Speech and music: two hemispheres are better than one | A study published in Science helps to better understand the brain's strategy for processing speech and music
By : Jean Hamann, ULaval nouvelles | Translated by CERVO
Speech and music are two forms of acoustic communication processed differently by the brain. Indeed, several studies conducted over the last few decades have shown that speech is processed preferentially in the left hemisphere, whereas the processing of a musical melody takes place mainly in the right hemisphere. A study published today in the journal Science by researchers from Université Laval, McGill University and Université Aix-Marseille provides new evidence that helps us better understand the basis of this asymmetry.
The first author of the study, Philippe Albouy, from the School of Psychology and the CERVO Research Centre at Université Laval, recalls that two hypotheses have been proposed to explain the lateralization of the decoding of acoustic stimuli.
"A "modular" view proposes that this lateralization is associated with the existence of brain regions specifically dedicated to the perception of speech, in the left hemisphere, and to the perception of music, in the right hemisphere. The other hypothesis, which we tested in our study, is that distinct neural networks in each hemisphere would be sensitive to certain acoutistic properties (frequency, temporal structure) of speech or music".
In an attempt to get a clearer picture, the researchers used the services of a composer who was asked to create 10 phrases and 10 musical melodies, the combination of which resulted in 100 short songs. "This way of doing things allows us to study the decoding of both speech and melody using a single signal that contains both information," says Albouy.
Using filters, the researchers altered the recordings of these pieces to change their temporal or spectral dimension, two of the many properties of a sound signal, says Albouy: "Temporal degradation is the blurring of sound signals over time. Rather than having a signal that is very precise in time, like when we speak, we scramble the signal, which has the effect of erasing the sharpness of syllables or phonemes," he explains. To produce a spectral degradation of the songs, the researchers apply a filter that alters the frequencies of the acoustic signals that make up the sounds.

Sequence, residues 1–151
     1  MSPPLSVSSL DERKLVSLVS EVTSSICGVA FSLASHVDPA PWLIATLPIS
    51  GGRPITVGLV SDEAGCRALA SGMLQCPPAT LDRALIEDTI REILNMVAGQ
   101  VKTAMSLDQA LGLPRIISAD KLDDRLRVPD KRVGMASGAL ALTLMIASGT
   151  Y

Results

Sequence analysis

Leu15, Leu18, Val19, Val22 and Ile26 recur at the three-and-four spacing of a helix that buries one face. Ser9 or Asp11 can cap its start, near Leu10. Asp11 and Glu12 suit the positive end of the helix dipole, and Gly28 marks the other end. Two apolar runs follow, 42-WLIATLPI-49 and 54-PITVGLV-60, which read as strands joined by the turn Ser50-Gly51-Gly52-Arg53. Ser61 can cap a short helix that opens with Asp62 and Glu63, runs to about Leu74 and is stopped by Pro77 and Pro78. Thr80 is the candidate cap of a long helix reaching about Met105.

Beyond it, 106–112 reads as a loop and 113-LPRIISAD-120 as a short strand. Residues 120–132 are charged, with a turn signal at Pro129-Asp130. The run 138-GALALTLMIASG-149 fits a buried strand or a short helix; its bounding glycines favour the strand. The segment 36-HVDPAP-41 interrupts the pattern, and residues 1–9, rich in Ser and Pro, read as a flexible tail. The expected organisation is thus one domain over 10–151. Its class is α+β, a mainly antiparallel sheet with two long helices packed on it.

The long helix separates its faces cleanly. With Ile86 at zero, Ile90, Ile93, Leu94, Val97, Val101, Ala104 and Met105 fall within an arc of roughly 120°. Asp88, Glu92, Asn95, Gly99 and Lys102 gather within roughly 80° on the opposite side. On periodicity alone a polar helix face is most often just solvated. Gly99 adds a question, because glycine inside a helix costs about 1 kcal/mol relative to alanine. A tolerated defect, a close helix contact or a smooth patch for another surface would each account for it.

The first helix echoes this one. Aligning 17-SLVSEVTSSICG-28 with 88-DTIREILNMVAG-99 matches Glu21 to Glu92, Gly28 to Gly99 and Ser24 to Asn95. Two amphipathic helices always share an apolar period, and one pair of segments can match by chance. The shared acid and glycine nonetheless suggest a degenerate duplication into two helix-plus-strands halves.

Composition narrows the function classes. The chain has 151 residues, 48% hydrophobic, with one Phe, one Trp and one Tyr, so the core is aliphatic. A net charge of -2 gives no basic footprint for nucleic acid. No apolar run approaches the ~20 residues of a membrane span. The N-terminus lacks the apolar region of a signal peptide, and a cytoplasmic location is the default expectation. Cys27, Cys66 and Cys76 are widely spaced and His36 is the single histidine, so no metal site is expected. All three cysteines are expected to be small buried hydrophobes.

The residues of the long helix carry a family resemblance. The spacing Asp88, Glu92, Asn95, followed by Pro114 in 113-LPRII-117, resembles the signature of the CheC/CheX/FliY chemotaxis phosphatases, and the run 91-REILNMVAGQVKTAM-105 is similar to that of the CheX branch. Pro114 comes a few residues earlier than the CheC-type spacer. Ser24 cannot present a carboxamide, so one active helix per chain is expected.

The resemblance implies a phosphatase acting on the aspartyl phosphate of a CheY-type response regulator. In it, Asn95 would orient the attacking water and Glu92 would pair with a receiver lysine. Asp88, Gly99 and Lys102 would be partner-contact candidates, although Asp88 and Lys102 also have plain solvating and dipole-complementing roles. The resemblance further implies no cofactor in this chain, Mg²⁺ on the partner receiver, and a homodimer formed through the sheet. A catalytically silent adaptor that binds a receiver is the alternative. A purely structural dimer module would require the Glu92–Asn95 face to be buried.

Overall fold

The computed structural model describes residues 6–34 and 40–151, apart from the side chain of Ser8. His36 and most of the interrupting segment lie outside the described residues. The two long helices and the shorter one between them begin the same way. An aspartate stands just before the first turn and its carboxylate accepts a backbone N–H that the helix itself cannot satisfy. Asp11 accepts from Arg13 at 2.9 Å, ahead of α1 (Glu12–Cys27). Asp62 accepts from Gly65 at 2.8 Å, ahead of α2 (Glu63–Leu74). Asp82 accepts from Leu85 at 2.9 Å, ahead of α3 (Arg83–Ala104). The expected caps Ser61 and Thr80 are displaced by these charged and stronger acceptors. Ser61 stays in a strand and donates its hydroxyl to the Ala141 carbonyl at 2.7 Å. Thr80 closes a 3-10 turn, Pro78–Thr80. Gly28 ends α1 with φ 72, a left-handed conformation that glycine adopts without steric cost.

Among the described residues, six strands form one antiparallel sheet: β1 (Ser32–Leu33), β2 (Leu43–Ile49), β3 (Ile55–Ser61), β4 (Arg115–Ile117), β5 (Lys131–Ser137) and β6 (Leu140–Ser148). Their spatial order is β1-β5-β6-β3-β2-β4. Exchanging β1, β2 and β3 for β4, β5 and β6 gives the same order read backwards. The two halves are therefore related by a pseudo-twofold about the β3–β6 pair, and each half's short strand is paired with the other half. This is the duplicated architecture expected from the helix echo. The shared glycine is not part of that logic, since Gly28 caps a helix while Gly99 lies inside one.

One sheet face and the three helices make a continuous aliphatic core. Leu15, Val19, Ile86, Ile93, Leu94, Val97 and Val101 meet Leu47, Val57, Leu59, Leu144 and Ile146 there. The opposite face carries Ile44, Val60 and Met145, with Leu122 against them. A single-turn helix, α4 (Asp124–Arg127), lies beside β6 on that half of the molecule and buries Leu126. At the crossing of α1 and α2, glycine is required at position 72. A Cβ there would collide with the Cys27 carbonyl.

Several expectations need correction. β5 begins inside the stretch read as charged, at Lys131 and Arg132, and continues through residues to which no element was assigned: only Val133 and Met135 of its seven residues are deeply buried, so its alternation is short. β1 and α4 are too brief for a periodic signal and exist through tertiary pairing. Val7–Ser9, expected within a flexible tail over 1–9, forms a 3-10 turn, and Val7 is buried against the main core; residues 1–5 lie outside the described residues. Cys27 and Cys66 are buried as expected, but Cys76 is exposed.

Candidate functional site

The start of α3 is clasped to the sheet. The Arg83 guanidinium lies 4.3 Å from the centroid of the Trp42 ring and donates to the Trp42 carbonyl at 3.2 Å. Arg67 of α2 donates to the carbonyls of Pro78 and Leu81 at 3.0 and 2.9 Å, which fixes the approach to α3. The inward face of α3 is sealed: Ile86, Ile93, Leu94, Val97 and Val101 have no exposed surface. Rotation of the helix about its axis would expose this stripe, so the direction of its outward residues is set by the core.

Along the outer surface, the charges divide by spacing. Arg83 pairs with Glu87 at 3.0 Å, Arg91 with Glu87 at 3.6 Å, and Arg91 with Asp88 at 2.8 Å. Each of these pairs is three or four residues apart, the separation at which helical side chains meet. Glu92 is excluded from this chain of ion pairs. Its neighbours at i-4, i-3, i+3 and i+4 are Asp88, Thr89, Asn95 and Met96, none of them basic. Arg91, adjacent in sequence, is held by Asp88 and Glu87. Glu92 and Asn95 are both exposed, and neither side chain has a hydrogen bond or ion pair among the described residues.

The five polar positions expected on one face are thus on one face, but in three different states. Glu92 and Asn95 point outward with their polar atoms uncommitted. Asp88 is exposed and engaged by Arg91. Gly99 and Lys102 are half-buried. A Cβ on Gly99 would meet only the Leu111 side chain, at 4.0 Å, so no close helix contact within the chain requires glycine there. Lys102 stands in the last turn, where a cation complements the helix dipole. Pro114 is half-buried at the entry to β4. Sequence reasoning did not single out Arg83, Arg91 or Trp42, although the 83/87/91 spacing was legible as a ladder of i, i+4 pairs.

The researchers then recruited 49 subjects to listen to the a cappella songs, presented in pairs, and asked them to compare either the lyrics or the melodies.
The result: "When time information is distorted, participants have difficulty recognizing the lyrics, but not the melodies. Conversely, when spectral information is distorted, they have difficulty recognizing the melodies, but not the lyrics. This shows that the recognition and perception of lyrics and melodies depend on different acoustic characteristics," says Albouy.
The researchers took their investigation a step further by performing a functional magnetic resonance imaging examination of the brain as participants made comparisons between a cappella songs. The images show that speech processing is observed mainly in the left auditory cortex, and melody processing mainly in the right auditory cortex.
"There would not, strictly speaking, be any region of the brain that specializes in music or speech processing. »
- Philippe Albouy
The researchers found that the degradation of the spectral dimension only disrupted the activity of the right auditory cortex, and only for melody processing. The degradation of the temporal dimension only affected the left auditory cortex, and only for speech processing. "The differential response in each hemisphere depends on the type of acoustic information perceived," says Professor Albouy.
These results suggest that there is, strictly speaking, no region of the brain that specializes in music or speech processing. "Humans have developed complementary neural systems that allow the integration of certain acoustic properties of auditory stimuli in each hemisphere," says Albouy. These processing units are therefore sensitive to different properties of sound signals and this explains the lateralization observed in the perception of speech and music."
The other authors of the study are Lucas Benjamin and Robert Zatorre, from McGill University, and Benjamin Morillon, from the Université Aix-Marseille.
Read the article, in French, with musical excerpts on the ULaval Nouvelles website: Parole et musique: deux hémisphères valent mieux qu'un
Read the original research article in Science:
Albouy P, Benjamin L, Morillon B, Zatorre RJ. Distinct sensitivity to spectrotemporal modulation supports brain asymmetry for speech and melody. Science. 2020;367(6481):1043–1047. doi:10.1126/science.aaz3468
For more details on the study, view the vidéo prepared by the researchers.